When a restaurant is as fastidious and dedicated as Goosefoot, a new prix-fixe-only Ravenswood restaurant from former Les Nomades chef Chris Nugent, thereâ€™s no question about whether it will be highly rated. The only question is whether itâ€™s earned four stars. This one came oh so close.
Unlike some critics, I donâ€™t care much for lavish silverware, crisp silk draperies or fancy finishing-schooled waiters whoâ€™ve committed every wine region in the world to memory. Thatâ€™s all nice, but the restaurants of my dreams serve tasty and original well-executed food. Their chefs and owners have a thoughtful unique vision and the courage to pursue that vision even if that vision clashes with perceived standards. Nothing else really matters.
Of course, Goosefoot doesnâ€™t ignore standards. They trade in on all of them. Servers refold your napkins when you leave for the restroom. They swap out forks and knives with each course. They understand Nugentâ€™s techniques and where ingredients come from. If they donâ€™t know, they ask. They serve a bunch of luxury ingredients, like lobster and scallops. (Unfortunately the former is a touch chewy and the latter a little gritty.) They pour wines into the proper type of glassware. And though Goosefoot is BYOB, servers can generally swap a little winespeak on a particular varietal.
Admittedly, if you donâ€™t know much about wine, the BYOB thing might be a negative, most four-star restaurants provide sommelier â€œguardian angelsâ€ to take care of you if you donâ€™t. . And anyway, Chef Nugentâ€™s food is so good, you could bring a wine bottle with a picture of a snowboarding giraffe that you just picked up at 7-Eleven and the experience isnâ€™t diminished. (What does diminish things is when youâ€™ve brought a dessert wine and you have to remind the kitchen halfway through the cheese/dessert portion of the menu that they still have it chilling in back.)
But garnering four stars isnâ€™t about performing perfectly. Things happen. I once gave a great review to a restaurant that accidentally knocked a glass of red wine in my lap. You could pour a magnum of Cabernet in my lap if you serve me Nugentâ€™s cheese course. The scrim of nutty/funky Pleasant Ridge Reserve (a Wisconsin cheese made in the style of Gruyere) propped up on a billowing spinnaker of a tapioca crisp enriched with a drizzle of celery truffle caponata and dollop of mascarpone cream is the best composed cheese course Iâ€™ve had since Dale Levitskiâ€™s â€œGrilled Cheeseâ€ at Sprout.
Truffle is everywhere on Goosefootâ€™s menu, including a â€œdehydratedâ€ truffle powder, served on a dish of seared Angus beef. (Truffle oil is mixed with a modified food starch called tapioca maltodextrin that dehydrates the oil, allowing a fluffy powder to form.) When the powder hits your tongue, it rehydrates in tiny explosions, like a bunch of Dippinâ€™ Dot ice cream pellets invading your mouth. Itâ€™s strange, but invigorating. Iâ€™m now convinced every movie theater should have this on hand as a popcorn topping.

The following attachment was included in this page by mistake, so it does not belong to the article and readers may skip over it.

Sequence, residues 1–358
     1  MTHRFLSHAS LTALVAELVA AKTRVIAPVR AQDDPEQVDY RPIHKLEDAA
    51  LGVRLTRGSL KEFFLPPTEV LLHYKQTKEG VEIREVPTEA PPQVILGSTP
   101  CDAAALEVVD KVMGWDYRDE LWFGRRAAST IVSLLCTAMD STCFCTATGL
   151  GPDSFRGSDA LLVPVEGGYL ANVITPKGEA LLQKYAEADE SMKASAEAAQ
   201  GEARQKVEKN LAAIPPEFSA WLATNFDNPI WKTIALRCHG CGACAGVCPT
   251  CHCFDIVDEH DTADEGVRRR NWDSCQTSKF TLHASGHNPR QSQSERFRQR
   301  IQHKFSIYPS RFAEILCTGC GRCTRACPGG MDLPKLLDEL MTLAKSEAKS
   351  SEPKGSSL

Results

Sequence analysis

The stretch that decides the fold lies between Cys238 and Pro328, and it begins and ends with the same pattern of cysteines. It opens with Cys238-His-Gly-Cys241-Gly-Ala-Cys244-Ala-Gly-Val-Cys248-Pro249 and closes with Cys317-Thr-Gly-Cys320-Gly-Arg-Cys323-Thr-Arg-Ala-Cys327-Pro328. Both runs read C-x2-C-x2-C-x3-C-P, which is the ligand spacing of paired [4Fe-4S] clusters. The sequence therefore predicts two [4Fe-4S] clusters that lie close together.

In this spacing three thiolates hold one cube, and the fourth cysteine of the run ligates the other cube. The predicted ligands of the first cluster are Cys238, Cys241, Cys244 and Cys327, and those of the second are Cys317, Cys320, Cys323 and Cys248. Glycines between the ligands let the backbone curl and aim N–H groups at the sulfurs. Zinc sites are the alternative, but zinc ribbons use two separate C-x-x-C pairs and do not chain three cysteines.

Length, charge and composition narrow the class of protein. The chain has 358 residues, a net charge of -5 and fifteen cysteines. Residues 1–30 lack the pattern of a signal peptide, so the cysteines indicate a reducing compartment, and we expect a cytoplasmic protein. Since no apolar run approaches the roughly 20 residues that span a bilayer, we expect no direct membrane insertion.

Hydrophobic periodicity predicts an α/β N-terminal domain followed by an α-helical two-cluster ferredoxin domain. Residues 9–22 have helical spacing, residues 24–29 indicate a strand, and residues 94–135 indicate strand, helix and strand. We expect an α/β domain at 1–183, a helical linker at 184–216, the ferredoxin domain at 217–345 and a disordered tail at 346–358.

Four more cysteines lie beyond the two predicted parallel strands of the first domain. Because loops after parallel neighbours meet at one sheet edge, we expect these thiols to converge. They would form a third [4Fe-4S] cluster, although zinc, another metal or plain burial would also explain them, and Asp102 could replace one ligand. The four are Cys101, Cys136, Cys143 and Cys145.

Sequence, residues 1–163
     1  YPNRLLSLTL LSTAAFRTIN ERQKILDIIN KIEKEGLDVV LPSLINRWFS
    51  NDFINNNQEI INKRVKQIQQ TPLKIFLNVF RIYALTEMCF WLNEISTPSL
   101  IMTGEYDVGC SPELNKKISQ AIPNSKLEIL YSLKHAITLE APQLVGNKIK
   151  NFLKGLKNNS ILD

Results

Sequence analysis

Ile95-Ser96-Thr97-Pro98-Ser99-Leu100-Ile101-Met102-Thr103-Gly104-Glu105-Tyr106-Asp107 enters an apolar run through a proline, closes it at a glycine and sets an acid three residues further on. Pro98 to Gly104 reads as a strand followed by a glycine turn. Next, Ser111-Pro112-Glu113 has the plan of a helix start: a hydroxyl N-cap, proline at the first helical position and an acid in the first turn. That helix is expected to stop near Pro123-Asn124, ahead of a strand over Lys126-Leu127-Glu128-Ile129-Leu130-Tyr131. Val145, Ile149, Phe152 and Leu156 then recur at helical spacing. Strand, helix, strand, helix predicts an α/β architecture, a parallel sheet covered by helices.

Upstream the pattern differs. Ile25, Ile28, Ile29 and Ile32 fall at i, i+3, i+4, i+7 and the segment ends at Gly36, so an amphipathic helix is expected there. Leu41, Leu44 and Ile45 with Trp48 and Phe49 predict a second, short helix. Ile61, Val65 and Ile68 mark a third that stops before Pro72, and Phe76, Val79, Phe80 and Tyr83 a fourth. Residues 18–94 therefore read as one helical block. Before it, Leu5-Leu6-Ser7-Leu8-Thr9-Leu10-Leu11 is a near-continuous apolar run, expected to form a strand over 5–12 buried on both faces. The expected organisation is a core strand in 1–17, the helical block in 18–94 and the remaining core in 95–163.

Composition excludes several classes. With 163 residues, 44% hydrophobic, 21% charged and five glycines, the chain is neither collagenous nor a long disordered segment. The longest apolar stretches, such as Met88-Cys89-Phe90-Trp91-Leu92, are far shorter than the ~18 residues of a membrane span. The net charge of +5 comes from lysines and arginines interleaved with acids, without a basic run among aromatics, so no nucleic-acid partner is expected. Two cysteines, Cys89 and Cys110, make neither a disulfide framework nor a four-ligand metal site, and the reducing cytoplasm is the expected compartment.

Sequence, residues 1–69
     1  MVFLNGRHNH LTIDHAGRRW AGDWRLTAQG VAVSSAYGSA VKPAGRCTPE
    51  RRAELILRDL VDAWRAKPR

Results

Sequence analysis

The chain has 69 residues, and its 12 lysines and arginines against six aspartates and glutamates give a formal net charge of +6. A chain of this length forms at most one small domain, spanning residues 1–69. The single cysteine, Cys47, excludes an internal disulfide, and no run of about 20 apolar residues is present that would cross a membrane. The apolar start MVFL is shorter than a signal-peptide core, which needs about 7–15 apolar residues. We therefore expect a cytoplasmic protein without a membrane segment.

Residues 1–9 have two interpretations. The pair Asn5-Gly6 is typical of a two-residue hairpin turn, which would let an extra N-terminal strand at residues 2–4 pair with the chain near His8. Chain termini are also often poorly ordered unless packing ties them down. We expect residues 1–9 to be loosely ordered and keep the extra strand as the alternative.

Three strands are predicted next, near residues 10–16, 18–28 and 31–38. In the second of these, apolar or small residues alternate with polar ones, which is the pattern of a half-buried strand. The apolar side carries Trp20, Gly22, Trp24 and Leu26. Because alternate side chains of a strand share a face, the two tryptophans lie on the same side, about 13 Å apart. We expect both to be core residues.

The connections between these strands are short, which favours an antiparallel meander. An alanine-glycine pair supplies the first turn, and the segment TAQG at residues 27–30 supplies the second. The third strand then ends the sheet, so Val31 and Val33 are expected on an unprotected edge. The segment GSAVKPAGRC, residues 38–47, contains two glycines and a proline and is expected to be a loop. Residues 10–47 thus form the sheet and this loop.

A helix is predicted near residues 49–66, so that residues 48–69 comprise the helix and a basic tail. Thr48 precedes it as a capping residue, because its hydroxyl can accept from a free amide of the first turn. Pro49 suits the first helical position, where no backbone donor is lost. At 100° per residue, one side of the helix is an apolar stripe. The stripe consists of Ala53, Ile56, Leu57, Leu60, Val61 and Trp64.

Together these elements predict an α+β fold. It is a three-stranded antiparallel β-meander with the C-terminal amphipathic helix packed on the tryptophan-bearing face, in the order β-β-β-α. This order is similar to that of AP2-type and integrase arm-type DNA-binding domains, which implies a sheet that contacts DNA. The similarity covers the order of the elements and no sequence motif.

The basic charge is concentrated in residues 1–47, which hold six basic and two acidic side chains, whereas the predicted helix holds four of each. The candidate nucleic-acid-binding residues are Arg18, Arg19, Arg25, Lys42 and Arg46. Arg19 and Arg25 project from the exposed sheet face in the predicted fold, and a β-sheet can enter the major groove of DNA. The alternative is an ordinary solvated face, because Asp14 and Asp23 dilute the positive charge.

Though the truffle is exciting, the beef feels obligatory â€” Chicago has enough steakhouses. What isnâ€™t obligatory is the beefâ€™s garnish â€” a parade of carrots, poached, pureed and spherified (a molecular gastronomy technique that creates something akin to a gelatin ball) and filled with mousse. The mousse is incredibly creamy, but the encapsulating half-sphere is a touch too rubbery and relatively flavorless. The garnish feels like Nugent showing off. Unless youâ€™re Bugs Bunny or have faltering vision, you never really desire that many carrot variations.
To be fair, while Nugent may be proud of his skill, I have no doubt heâ€™s a humble dude. And he mostly shows restraint in his cooking. One of my favorite dishes of the evening is a simple, velvety chestnut soup topped with a truffle foam and garnished with a buttery gougere (cheese puff) and verdant California peas (a nice touch in the middle of frigid February). The mingle of smoky chestnut and earthy truffle is a swoon-worthy perfume.
Iâ€™m equally satisfied with the quail, a precious roast nested in a hill of sherry- and cumin-spiced lentils. The hearty lentils and rich, rare quail flesh are foiled well by bright, sour, compressed apple spheres and a cutting of slightly acidic drips of mustard oil.
Then again, Iâ€™ve had quail before. Itâ€™s Nugentâ€™s creative desserts for which I have no frame of reference. But thatâ€™s fine. Iâ€™m happy to fill the empty space with the delight of a creamy Cinderella pumpkin mousse dipped in bright Mandarin orange gel and flanked by a fluffy nougatine powder that rehydrates like the truffle powder mentioned earlier. A tiny crisp chocolate hazelnut truffle served with heady mulled wine sauce is also enlightening. Though the usual conceit here might be to sprinkle on a touch of fleur de sel to contrast against the sweetness of the chocolate, Nugent boldly adorns the plate with briny chocolate-covered sea beans.
If every dish were as original and fun as Nugentâ€™s desserts, Goosefoot would be a slam-dunk four-star spot. But theyâ€™re not. Thereâ€™s a fussy occasional fascination with technique over flavor. It feels like Nugentâ€™s holding on to the idea of what fine dining is instead of pursuing what he knows it could be. If Nugent can just discover a little punk rock within, I guarantee heâ€™ll find his missing star.
2656 W. Lawerence;
(773) 942-7547; goosefoot.net
This article first appeared in the Chicago Sun-Times in a different form.